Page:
Why RA puts you at greater risk for heart disease, and what you can do to protect yourself.
Swollen and painful joints aren’t the only things you need to think about when you have rheumatoid arthritis (RA). People with RA have a higher risk of developing cardiovascular disease (CVD) such as heart disease or stroke compared to people without RA.
The good news is you are not destined to have CVD just because you have RA. With the right screening and preventive health measures, you can reduce your risk and keep your heart and blood vessels healthy.
RA and heart disease: What's the connection?
There are two main reasons why people with RA have increased risk of cardiovascular disease: chronic inflammation and shared risk factors.
Inflammatory substances called cytokines that are involved in damaging joints in RA can also damage blood vessels increasing the risk of CVD. Inflammation causes plaque build-up in the arteries, which slowly narrows blood vessels and reduces blood flow, and this increases the risk of having a heart attack or stroke.
The other reason people with RA are more likely to develop heart disease is shared risk factors like these:
High blood pressure - A number of factors increase blood pressure in people with RA, including a lack of exercise and taking medicines that can increase blood pressure (such as NSAIDs and corticosteroids). Also people with RA tend to have less flexible arteries that can narrow over time, both of which increase blood pressure.
Metabolic syndrome – Is a group of symptoms, which includes obesity, high triglycerides and cholesterol, high blood pressure, and high blood sugar. Metabolic syndrome is twice as common in people with RA than the general population and having metabolic syndrome doubles the risk for cardiovascular disease.
Obesity - Sore joints make it hard to exercise, and a lack of physical activity can lead to weight gain. Also, corticosteroids used to manage RA can cause weight gain and obesity. Obesity is linked to CVD risk itself, as well as to other risk factors such as high blood pressure and high blood sugar. Fat cells also release inflammatory substances that can increase body-wide inflammation and CVD risk.
Smoking - People who develop RA are more likely to have ever smoked than those without RA. Not only is this habit linked to more severe joint destruction, but smoking also accelerates blood vessel damage and contributes to artery narrowing. Smokers with RA have a 50 percent higher risk for cardiovascular events than do nonsmokers with RA.
Abnormal lipids - RA has an unusual effect on lipids (or fats) in your blood. People with RA tend to have high levels of triglycerides, low levels of low-density lipoproteins (LDL or “bad” cholesterol), and low levels of high-density lipoproteins (HDL or “good” cholesterol). Although low LDL is good for the heart, low HDL cholesterol and high triglycerides is not and can increase the risk of cardiovascular disease.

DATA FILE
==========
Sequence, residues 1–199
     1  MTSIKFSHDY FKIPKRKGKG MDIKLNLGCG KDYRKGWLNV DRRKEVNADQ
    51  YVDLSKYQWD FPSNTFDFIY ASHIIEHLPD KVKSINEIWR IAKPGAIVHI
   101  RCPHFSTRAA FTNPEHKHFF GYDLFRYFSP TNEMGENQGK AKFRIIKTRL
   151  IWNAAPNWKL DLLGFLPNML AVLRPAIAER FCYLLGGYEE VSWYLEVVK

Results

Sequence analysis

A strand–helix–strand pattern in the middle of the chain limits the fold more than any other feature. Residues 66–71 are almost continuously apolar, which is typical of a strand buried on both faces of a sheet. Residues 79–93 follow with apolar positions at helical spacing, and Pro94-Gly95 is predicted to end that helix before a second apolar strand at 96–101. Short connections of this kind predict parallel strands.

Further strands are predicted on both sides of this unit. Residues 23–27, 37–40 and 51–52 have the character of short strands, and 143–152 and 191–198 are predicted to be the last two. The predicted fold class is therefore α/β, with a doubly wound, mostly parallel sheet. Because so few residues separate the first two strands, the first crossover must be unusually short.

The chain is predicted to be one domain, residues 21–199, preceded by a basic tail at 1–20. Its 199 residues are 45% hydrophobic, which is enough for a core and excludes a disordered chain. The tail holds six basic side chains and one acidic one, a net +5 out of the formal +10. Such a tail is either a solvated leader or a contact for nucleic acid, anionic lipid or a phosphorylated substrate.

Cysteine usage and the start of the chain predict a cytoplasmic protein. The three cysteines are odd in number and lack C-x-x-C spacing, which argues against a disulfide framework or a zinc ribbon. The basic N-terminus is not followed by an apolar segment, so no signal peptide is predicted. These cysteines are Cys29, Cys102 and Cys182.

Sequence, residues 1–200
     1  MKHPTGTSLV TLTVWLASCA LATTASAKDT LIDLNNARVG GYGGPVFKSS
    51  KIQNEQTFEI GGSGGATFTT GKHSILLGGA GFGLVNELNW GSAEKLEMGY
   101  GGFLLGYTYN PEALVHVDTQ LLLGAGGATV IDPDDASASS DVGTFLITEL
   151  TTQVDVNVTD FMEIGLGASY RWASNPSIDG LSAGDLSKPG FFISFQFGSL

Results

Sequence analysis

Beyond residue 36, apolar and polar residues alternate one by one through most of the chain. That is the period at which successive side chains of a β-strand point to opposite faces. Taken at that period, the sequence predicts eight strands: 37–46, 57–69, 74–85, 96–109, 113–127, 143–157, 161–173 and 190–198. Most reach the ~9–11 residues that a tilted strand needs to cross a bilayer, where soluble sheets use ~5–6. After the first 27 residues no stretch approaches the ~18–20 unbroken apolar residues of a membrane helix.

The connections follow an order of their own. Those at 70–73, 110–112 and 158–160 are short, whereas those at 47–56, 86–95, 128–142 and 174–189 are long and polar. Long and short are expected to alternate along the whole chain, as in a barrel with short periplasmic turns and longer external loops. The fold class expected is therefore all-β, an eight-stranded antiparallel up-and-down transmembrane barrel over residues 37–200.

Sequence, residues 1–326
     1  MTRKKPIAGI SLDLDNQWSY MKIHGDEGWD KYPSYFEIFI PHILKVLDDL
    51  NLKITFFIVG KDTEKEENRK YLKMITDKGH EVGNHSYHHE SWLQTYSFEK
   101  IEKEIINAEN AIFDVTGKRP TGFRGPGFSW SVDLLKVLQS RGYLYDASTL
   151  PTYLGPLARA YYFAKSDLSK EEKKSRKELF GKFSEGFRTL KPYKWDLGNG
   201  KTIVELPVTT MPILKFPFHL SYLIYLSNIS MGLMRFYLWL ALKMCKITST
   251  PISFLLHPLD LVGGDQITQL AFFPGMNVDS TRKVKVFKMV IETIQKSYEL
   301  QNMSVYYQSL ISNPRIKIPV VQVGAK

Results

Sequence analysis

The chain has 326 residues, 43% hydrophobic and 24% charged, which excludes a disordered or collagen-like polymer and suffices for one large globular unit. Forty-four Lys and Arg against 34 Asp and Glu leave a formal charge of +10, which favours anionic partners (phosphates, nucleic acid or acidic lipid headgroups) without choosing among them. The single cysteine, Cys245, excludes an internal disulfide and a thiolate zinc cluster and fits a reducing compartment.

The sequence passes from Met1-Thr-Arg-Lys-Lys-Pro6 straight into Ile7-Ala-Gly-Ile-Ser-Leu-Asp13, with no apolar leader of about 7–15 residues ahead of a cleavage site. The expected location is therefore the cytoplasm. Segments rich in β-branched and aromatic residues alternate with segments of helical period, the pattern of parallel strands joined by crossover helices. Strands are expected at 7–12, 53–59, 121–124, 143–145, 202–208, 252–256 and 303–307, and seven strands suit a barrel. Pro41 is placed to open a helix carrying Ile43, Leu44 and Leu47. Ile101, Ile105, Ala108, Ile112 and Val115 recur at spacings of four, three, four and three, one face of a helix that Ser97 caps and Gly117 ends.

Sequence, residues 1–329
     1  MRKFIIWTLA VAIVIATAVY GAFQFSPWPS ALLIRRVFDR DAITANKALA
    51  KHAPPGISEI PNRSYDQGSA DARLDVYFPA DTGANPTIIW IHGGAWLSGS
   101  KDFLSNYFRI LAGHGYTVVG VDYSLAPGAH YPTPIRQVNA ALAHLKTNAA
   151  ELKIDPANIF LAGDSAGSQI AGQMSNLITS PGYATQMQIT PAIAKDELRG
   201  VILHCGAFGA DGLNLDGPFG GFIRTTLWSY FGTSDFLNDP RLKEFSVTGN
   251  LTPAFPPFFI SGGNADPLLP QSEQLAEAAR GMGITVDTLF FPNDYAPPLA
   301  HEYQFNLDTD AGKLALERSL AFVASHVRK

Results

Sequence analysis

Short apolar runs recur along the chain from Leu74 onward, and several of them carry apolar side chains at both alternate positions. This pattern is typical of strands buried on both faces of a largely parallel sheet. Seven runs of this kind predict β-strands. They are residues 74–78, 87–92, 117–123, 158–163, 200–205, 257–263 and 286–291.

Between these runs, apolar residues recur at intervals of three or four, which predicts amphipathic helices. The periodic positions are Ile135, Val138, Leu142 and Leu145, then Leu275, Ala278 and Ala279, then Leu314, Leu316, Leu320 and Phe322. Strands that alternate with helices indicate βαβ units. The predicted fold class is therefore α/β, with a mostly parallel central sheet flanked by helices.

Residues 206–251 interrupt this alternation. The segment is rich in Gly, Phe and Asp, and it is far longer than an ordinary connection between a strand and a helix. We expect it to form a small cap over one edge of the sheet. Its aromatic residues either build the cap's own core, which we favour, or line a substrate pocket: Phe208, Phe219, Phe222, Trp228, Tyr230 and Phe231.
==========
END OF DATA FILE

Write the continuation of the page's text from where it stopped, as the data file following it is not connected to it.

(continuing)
You can reduce your risks
One of the best ways to protect your heart is by taking the disease-modifying antirheumatic drug (DMARD) your rheumatologist prescribes—whether that’s methotrexate, a biologic or another medication. There’s evidence that controlling RA inflammation also reduces the risks of heart attack, stroke and other cardiovascular events.
When it comes to lifestyle interventions, the same advice applies, whether or not you have RA.
Stay active - Doing aerobic and strengthening exercises on most days of the week can protect your blood vessels, help you lose weight and reduce your CVD risk. There’s also evidence that exercise can fight inflammation.
Eat well - Add extra fruits and vegetables to your diet. Eat more fatty fish like salmon and tuna, which are high in anti-inflammatory omega-3 fatty acids. And avoid saturated and trans fats, which contribute to weight gain and heart disease.
Control stress - Practice relaxation techniques like deep breathing and meditation to calm you down.
Quit smoking - Getting off cigarettes can be hard, but it’s not impossible. Ask your doctor to recommend an intervention such as nicotine replacement, medication or counselling to help you quit.
Watch your numbers - Get your blood sugar, blood pressure, and cholesterol levels checked regularly. If they’re high, lower them with diet, exercise, and medications if necessary.
Find alternate pain-relieving methods - Although NSAIDs and corticosteroids are effective to relieve pain and bring down inflammation, these medicines can increase your heart risks. Talk to your doctor about other treatment options. Try to use the smallest dose for the shortest time possible needed to manage your pain. Also use heat, ice, or physical therapy to help control your joint pain.
Monitor your heart health
When you have RA, you need to also pay attention to your heart health. Ask your rheumatologist and GP what screening tests you need.
Checking your heart health should include regular tests of your blood pressure, blood sugar and cholesterol. The European League Against Rheumatism (EULAR) recommends CVD screening at least once every five years, and every time you change your RA medication. Your doctor may also want to do a stress test, echocardiogram or electrocardiogram to check your heart health.
Be watchful for any symptoms of heart disease, such as shortness of breath, chest pain, or arm pain. Report them to your doctor right away.